Wednesday, May 21, 2014
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City says “No” to Liquor Pour License

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[May 21, 2014]  LINCOLN - Monday evening, there were several guests at the voting session of the Lincoln City Council. While there were four or five on hand to discuss the downtown streetscape plans, the majority were there to hear what would happen in a vote regarding adding a liquor pour license to city code or allowing tombstones to be sold at a mortuary in a residential district.

As the evening began, Mayor Keith Snyder said he would be jumping around in the agenda to accommodate hearing from the guests on the issue they were concerned about.

The council first witnessed the swearing in of Lincoln Police Chief Ken Greenslate, then the appointment and swearing in of Deputy Chief Michael Geriets. They approved the consent agenda, then veered from the agenda order to discuss the pour license.

Snyder called on the first person who had requested to speak. Bob Arneaud of Qik-n-EZ said he had nothing to say at the moment, but reserved the right to speak after the others had spoken.

Snyder then called on Dale Ridgway. Ridgway was very vocal about the video gaming machines when the city was considering allowing them in 2012. He told the council then that he was addicted to gambling and it had cost him $60,000 in gambling losses.

This week Ridgway spoke out again. He began by speaking about the good things that he sees in Lincoln. He said he recalled a Springfield television network coming to Lincoln during the annual Together for Lincoln day and filming the community helping out those who were in need. He said it was something to be proud of and he had been excited about.

With sarcasm, he said he had considered calling that network and asking them to come back because the city now had something new to be proud of. He finished saying that thought had been his anger speaking, and it was something he saw all the time in the Co-dependency group he is involved with, people lashing out in anger.

Ridgway told the council that he knew people who were addicted to gambling that had steered clear of it for a long time, but got sucked back in with the new video gaming machines.

He added that for addicts, the addition of alcohol will make things worse. He said their losses would lead to increased drinking, which would lead to accidents and violent behavior.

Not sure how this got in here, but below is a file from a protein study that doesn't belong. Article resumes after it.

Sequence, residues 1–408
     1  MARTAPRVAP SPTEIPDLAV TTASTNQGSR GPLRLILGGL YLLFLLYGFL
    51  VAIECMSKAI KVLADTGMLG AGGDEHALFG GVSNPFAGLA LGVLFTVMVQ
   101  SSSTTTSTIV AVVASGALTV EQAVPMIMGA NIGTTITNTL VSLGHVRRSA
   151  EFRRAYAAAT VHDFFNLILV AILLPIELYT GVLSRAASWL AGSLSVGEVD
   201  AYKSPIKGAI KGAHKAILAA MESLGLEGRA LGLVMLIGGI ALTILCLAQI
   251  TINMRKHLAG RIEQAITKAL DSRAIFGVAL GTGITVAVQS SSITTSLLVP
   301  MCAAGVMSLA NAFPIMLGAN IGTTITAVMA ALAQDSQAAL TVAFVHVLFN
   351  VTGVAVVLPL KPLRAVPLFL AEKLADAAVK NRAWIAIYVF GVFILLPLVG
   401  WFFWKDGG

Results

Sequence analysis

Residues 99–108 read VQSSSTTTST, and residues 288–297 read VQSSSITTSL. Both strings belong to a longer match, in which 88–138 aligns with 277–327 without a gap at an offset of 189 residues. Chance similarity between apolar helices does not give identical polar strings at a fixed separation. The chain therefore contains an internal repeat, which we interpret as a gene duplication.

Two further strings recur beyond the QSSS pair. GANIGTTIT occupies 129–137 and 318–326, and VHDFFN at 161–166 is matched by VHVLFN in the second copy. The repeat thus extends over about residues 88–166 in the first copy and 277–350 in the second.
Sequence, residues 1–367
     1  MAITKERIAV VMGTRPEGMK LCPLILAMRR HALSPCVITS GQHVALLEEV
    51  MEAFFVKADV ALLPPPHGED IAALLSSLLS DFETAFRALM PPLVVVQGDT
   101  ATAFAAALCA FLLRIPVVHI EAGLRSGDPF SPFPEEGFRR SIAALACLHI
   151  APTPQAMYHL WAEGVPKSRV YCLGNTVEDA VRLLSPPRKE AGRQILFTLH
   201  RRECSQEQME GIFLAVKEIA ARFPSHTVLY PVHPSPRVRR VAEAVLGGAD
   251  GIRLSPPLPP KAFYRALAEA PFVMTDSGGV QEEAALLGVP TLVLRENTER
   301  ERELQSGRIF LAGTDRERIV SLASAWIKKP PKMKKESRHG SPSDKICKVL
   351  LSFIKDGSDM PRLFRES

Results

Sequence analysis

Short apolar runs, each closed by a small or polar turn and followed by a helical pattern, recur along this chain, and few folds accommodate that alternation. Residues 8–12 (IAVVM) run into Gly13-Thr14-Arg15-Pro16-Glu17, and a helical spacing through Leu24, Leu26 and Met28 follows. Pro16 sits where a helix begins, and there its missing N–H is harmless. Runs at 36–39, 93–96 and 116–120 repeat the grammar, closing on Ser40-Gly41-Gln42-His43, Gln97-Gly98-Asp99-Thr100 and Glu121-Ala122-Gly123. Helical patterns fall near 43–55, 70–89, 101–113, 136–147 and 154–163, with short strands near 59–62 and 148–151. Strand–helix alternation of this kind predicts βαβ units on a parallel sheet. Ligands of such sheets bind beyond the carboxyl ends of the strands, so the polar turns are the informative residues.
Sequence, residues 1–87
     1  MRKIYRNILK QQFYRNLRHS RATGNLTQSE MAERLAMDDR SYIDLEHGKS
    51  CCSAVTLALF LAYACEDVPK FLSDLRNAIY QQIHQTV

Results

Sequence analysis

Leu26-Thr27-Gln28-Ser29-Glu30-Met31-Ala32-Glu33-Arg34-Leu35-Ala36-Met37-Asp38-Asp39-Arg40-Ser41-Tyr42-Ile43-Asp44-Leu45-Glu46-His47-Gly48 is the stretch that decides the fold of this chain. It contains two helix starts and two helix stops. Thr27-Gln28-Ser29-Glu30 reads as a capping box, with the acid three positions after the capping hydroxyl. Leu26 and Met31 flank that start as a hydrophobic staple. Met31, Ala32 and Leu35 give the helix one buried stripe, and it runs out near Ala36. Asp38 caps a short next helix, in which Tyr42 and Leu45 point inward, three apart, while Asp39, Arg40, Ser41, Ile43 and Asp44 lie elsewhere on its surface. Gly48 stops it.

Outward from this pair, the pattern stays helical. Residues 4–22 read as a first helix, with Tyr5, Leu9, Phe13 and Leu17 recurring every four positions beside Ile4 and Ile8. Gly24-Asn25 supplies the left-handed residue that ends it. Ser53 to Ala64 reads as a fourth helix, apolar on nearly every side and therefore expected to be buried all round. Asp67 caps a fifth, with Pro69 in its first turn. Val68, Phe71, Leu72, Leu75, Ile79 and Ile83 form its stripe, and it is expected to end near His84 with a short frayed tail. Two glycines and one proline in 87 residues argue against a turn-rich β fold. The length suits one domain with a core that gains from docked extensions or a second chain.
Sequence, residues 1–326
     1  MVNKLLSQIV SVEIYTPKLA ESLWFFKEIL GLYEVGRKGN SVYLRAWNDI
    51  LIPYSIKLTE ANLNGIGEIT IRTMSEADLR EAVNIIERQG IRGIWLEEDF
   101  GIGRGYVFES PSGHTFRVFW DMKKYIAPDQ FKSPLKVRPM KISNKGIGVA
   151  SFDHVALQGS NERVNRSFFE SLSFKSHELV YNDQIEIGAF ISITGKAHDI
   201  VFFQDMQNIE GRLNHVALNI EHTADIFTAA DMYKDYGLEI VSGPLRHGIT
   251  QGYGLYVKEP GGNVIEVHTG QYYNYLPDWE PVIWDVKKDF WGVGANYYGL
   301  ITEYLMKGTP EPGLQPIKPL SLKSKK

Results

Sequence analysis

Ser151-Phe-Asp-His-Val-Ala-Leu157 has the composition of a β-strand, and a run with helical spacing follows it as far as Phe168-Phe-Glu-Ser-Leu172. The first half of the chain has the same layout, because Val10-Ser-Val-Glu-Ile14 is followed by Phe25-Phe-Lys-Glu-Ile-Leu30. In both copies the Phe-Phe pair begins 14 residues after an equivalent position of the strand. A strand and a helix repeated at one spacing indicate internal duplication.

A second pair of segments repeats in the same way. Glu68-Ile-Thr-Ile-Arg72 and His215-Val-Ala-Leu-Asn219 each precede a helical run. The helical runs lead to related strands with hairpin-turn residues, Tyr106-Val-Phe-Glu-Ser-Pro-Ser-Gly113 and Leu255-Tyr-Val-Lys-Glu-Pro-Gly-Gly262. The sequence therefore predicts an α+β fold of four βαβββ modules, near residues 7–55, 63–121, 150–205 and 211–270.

He ended his comments saying he was concerned for those who would have to deal with these patrons. He said owners, managers, and staff would have to become bouncers, psychologists, and cops when things went wrong in their stores.

Next to speak was Leslie Cooper. Cooper had been at the meeting last Tuesday night and spoke out against the pour license. She spoke very briefly on Monday night, saying she appreciated the council and what they do, and that she respected them as the city’s governing body.

She asked them to remember what their mission for Lincoln is and asked them where they would put this (liquor and gaming in convenience stores) in a brochure about the town.

When Cooper finished, Snyder asked for a motion. Kathy Horn moved to approve the request for the creation of a pour license. The motion was seconded by Tom O’Donohue, though, he indicated then he was doing it so that the council could move forward without the motion dying on the floor.

During discussion, Horn spoke first, defending her motion. She said that she knew McCumber Cliff McCumber of 5th Street Food Mart was the petitioner), and knew he was doing this for the sake of his business. She said she also knew that he would “be right on top” of things if the gaming and liquor were allowed. She emphasized McCumber’s previous claims that he didn’t want the pour license in order to serve liquor. He needs the license in order to offer gaming. She said she wanted to support business in Lincoln, and she could not vote against something that would help his business.